The goal of this whiteboard challenge is to learn how you approach a human problem, what techniques you might use to get to a solution, and how comfortable you are communicating your process while working with potential methods and outcomes. The exercise should take about 40-50 minutes, and by the end, you will have explored an approach to the problem such that it would be possible to bring someone else into the call, and you’d be able to walk them through the idea. Afterwards, we’ll review and reflect, give you a more in-depth description of the role, and an overview of potential projects you would be a part of if you’re successful.
For Product Managers
For the role of Product Manager or Product Strategist, the first round of interviews will be a get-to-know-you meeting. We’ll cover role expectations, dive into specific responsibilities, walk through your resume and talk about your professional experience in discovering or delivering software-powered products. We may ask a few behavioural or scenario-based questions to get a detailed read on attitudes, aptitudes and skills. We’ll also provide time for you to ask us questions related to the role, the Product department, and Connected.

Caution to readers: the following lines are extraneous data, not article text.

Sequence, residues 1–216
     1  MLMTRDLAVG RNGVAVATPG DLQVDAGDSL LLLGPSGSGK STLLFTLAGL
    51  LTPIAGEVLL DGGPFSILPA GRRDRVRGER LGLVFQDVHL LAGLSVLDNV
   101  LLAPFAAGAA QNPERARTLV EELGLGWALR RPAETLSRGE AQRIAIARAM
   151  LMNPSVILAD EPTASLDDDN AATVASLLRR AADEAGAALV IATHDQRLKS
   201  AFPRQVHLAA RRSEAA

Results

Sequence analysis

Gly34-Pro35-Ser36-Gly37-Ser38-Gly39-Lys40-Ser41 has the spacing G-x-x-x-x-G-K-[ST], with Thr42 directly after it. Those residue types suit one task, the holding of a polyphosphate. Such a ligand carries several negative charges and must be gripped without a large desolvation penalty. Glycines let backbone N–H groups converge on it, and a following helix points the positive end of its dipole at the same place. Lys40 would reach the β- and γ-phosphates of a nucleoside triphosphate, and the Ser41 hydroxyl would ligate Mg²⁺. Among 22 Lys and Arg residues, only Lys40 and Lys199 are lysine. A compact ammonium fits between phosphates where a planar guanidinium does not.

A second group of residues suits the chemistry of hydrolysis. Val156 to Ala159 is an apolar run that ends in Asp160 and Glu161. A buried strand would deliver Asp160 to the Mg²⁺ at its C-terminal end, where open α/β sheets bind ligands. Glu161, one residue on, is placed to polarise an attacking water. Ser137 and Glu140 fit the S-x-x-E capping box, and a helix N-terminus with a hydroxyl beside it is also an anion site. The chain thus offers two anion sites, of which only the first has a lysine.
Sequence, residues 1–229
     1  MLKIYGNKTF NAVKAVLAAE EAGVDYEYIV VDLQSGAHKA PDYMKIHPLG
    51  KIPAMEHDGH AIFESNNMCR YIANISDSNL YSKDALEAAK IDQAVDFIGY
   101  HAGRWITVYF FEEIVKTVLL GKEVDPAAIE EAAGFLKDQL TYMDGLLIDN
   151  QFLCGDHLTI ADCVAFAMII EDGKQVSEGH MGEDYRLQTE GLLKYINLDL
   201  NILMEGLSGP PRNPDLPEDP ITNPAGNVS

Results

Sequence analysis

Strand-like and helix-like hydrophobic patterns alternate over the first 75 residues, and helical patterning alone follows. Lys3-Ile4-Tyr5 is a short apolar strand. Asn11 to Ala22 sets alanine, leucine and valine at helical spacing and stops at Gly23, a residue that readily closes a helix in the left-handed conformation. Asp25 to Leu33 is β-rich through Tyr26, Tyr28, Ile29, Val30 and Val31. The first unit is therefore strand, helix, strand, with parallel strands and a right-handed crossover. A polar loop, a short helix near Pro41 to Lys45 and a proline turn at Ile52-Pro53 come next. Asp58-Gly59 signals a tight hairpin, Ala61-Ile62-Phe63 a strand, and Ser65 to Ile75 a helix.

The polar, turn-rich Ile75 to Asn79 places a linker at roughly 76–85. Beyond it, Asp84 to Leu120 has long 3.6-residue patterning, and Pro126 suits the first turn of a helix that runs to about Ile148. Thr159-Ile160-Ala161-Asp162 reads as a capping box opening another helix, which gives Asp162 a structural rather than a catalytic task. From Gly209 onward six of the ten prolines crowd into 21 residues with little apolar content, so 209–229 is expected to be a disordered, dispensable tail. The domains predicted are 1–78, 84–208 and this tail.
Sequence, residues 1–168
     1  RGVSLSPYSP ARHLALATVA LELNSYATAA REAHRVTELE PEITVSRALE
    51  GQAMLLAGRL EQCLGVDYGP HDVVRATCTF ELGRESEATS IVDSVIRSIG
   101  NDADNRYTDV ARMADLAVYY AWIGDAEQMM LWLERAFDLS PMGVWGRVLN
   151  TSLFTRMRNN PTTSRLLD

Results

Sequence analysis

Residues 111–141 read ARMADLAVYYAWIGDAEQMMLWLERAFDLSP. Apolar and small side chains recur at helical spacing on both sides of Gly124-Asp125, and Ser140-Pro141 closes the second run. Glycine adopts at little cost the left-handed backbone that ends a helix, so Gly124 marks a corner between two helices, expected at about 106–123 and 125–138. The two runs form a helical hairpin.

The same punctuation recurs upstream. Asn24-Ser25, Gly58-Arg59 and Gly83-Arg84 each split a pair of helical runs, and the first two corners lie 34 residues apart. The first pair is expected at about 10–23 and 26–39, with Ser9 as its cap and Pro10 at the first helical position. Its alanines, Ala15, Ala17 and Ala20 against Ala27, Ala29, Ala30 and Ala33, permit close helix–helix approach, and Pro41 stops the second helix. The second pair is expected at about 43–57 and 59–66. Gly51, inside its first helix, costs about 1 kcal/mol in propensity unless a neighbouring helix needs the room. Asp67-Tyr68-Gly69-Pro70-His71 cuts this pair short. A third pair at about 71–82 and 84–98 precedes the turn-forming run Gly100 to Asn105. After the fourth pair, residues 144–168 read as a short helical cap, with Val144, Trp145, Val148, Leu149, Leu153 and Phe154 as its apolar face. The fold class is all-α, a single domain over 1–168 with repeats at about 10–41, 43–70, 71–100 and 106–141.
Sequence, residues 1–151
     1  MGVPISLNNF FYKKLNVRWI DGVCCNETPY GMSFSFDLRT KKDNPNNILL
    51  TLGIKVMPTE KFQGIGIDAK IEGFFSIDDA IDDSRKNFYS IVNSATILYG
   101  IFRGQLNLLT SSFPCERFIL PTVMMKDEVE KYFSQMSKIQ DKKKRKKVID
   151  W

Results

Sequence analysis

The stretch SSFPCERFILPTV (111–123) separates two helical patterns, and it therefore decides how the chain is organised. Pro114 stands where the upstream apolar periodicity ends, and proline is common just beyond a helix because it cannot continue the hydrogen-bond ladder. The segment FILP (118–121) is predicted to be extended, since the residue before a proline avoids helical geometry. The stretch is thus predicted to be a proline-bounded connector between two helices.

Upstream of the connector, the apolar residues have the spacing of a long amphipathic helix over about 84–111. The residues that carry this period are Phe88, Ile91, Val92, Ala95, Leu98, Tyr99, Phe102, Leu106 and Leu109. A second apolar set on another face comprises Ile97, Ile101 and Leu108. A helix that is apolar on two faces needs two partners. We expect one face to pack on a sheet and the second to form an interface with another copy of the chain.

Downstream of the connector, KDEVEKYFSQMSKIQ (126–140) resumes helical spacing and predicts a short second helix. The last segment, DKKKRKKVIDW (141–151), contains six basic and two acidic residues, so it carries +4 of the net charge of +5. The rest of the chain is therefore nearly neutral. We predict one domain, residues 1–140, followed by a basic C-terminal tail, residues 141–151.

The second round of interviews is when things start to heat up. We will give you a short assignment in the form of a case study. Use all the tools at your disposal — we are eager to see how you operate in practice! You will meet with two Connected Product Practitioners for a role-playing scenario where you should be able to articulate and comprehensively run through your product strategy and/or project delivery plan, fielding questions from your interviewers along the way.
Here at Connected, we sweat over the details. The interviewers are looking for you to showcase the depth of your thinking, your critical analysis skills, how you communicate, and your ability to negotiate trade-offs while fluidly considering other perspectives that may change your position. The ability to think laterally is key. What trade-offs would you consider in certain situations? Are these trade-offs worth the risk? The format of your response is not being judged — it’s the execution, how well you get your point across, and the quality of thinking behind it.
Ready to apply? Check out all of the open positions at Connected.